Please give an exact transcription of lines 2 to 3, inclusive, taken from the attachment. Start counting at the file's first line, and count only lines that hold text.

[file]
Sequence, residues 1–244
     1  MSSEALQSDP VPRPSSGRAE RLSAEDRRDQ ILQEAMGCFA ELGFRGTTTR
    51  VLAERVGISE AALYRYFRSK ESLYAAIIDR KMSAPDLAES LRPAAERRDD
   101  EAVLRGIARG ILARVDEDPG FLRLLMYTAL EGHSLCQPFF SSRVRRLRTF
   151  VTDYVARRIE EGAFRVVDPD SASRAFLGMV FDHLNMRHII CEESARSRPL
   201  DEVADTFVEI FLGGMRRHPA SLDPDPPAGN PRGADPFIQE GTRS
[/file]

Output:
     1  MSSEALQSDP VPRPSSGRAE RLSAEDRRDQ ILQEAMGCFA ELGFRGTTTR
    51  VLAERVGISE AALYRYFRSK ESLYAAIIDR KMSAPDLAES LRPAAERRDD